back to article You've got OpenSolaris in my System z

Bitter adversaries IBM and Sun Microsystems have been adding a little sugar to their parley. Their corporate fisticuffs have even recently given way to hand-holding. In August, the two companies revealed that IBM will offer Solaris x86 as an option to some Xeon- and Opteron-based servers. IBM's systems chief Bill Zeitler also …


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  1. Anonymous Coward
    Anonymous Coward

    As far as I know

    There isn't any trouble getting Linux or Solaris running on a mainframe but there is a problem if you want to squeeze resellers for your OS.

  2. Paddy

    Re: As far as I know

    Yeah - z/OS does have zlinux bundled in the standard suite. But then again, it runs over the z/VM. AFAIK, the problem is more in the software licensing part of the deal than the technical aspects of it.

    A new environment for the mainframe would be welcome, as long as it doesn't come with icons, crashes and BSODs ;-)

  3. amanfromMars Silver badge

    Definitely crackers?

    "the problem is more in the software licensing part of the deal than the technical aspects of it."

    Is that the same as a petty squabble over money, Paddy?

  4. Nige

    re: By Paddy "z/OS does have zlinux bundled in the standard suite"

    Oh no it doesn't. z/OS has its own 'Unix Branded' Unix Systems Services component that is an EBCDIC implementation of 'unix'.

    IBM can't 'bundle' Linux with any of its operating system distributions. If any software distribution contains open source code then by implication the entire distribution falls under an Open Source agreement. And big blue is not about to turn z/OS or z/VM into 'open source'.

    Linux for zSeries and System z is an ASCII implementation of Linux that runs on IBM zSeries and System z processors, either on the tin or as a z/VM guest system.

    Software licencing is NOT an issue. You can download a copy of Linux from wherever you can get it for free on t'interweb, and IBM makes the patches to run it on zSeries / System z available so you can patch a kernel yourself if you want to. The patches represent about 2% of the total Linux code, and are in the area of mainframe device drivers - e.g. translate a raw Linux scsi disk I/O call into a zSeries ECKD disk I/O call, etc.

    The pre-built and bundled 'Enterprise' Linux editions are packaged with support services. This is where the money changes hands. Linux is an Open Source operating system. You're not supposed to be able to sell it on or charge for it. What you are allowed to do is charge for any value add you bring to the bundle in terms of support etc.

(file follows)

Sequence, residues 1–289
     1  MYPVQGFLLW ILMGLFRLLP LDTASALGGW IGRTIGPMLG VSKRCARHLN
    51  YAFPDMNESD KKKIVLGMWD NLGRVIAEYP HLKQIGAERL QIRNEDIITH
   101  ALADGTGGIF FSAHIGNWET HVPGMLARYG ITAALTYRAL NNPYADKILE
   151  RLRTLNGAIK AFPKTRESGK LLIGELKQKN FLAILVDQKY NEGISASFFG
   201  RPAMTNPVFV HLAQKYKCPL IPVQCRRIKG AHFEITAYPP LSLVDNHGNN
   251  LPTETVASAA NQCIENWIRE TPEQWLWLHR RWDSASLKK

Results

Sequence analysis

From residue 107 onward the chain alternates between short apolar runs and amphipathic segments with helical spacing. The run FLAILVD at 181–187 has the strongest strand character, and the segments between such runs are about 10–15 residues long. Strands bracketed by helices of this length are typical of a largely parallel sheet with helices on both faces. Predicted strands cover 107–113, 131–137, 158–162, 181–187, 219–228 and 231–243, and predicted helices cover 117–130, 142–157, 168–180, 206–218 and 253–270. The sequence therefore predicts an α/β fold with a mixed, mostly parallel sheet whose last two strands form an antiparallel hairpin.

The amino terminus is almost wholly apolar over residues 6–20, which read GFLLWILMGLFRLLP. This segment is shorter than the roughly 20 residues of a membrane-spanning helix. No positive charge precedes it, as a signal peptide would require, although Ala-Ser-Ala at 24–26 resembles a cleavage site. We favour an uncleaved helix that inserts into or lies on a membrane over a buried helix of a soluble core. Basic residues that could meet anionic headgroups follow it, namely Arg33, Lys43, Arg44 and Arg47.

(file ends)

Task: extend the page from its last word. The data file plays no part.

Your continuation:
For running vendor software, it is most often a cost saving. e.g. One vendor software licence for a System z CPU which can then run 20 Linuxes - versus - 20 vendor software licences for each of 20 single instances of Linux on 20 seperate Wintel/RISC boxes. No brainer.

  5. James

    Bundling is fine

    Nige, no, that's not true. Refer to this text of the license (GPLv2 since we seem to be talking about Linux):

    In addition, mere aggregation of another work not based on the Program with the Program (or with a work based on the Program) on a volume of a storage or distribution medium does not bring the other work under the scope of this License.

  6. Matt Bryant Silver badge
    Thumb Up

    So who's more desperate?

    Is it Sun, trying to find any way to generate services revenue from Solaris because Solaris users are finding the alternatives so much more appealing, or is it IBM desperate to maintain it's services revenue from mainframes? I think this one's more a winner for the boys from Armonk. Sun helps IBM maintain one of the most lucrative and proprietary hardware goldmines going, whilst "opening" up it's own OS so other companies can undercut it with cheap "open" support. And at the same time makes it even easier for the Linux crowd to attack the installed z/OS base - "Hey, if IBM say we can run Slowaris on this, why don't we try Linux?"

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